Wednesday, May 2, 2018
--- Pagan Christianity ---
That phrase always confused me. Pagan is supposed to be the opposite of Christianity, but, of course, I had to look.
There was evidently a time when "pagan" meant "rural" or "close to the soil". The impression I get is that "pagan" was the Roman equivalent of "redneck".
I am a very orthodox Christian, in the sense that I can, in all good conscience, read the Apostle's Creed in a crowd. But since an early age, I've had what I describe as shamanic experiences. Modern Christians seem to have a problem with the concept of "Christian shaman" but if you study the life experiences of shamans across the world and compare them with the life experiences of Old Testament prophets and Christian mystics, you see that there is very little difference. Take a shaman, change "spirit guide" to "Holy Spirit" and - boom! you have a mystic.
A big difference between modern Christianity and early Christianity is that the mystic element has been deleted. The church still uses the language, but if a person mentions that they had been attacked by a demon, things would get suddenly frosty. An early Christian wouldn't have bat an eye at that. Demons exist as a topic of discussion in a Bible class, but not out in the real world where things are....well, real.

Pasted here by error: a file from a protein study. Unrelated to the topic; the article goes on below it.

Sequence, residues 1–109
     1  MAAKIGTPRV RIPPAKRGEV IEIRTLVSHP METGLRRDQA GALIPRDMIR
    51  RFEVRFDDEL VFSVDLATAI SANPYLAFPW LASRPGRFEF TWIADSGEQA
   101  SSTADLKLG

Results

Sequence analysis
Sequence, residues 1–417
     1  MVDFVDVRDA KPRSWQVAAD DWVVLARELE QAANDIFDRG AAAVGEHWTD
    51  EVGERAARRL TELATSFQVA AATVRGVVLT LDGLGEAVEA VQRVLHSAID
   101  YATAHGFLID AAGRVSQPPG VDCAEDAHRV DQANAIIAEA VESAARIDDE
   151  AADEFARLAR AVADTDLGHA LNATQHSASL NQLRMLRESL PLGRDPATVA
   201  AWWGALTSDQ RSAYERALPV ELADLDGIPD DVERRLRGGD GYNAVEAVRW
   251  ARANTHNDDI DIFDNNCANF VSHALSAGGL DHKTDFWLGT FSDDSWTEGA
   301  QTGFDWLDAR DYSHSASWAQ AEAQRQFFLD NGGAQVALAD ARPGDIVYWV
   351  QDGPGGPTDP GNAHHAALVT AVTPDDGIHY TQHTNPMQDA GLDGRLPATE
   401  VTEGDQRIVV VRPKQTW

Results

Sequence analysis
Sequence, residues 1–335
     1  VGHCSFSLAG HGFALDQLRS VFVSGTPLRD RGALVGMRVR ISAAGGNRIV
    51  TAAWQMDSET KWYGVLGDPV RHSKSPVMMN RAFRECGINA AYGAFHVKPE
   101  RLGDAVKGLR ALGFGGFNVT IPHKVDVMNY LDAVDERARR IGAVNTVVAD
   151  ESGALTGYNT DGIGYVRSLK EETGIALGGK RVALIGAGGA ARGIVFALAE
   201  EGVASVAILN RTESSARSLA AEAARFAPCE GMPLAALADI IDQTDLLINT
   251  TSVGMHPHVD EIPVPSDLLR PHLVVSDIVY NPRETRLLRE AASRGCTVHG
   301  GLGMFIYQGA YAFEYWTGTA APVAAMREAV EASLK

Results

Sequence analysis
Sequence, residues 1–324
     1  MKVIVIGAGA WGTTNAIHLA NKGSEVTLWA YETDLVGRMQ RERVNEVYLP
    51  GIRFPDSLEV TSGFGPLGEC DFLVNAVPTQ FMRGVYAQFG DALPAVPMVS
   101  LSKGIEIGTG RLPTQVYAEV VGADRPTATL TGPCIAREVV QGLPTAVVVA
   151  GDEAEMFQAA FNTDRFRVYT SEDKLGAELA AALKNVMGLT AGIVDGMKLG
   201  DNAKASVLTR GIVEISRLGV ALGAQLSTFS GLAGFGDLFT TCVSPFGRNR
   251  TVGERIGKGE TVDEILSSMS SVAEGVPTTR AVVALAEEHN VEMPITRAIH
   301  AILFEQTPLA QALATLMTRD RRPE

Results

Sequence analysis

And nature isn't a cooperative mind as it seemed to be to early Christians. Flowery language in the Psalms about nature worshipping God can be ignored as "poetic imagery" (although some of the "imagery" makes absolutely no sense as "poetic imagery.") but when someone like Paul states that nature looks forward with us to the return of Christ, I have a hard time accepting that he's being poetically flowery. His usual allegories concerned soldiers and sports.
Frank Viola Author and George Barna coauthored a book called "Pagan Christianity" that explored the prechristian and folk roots of many modern Christian practises and traditions. It's a good read and seems a little edgy about all that. I don't have a problem with it except maybe the parts that drive people from the church - the parts that smack, in modern times, of elitism.
Maybe I'm a pagan Christian.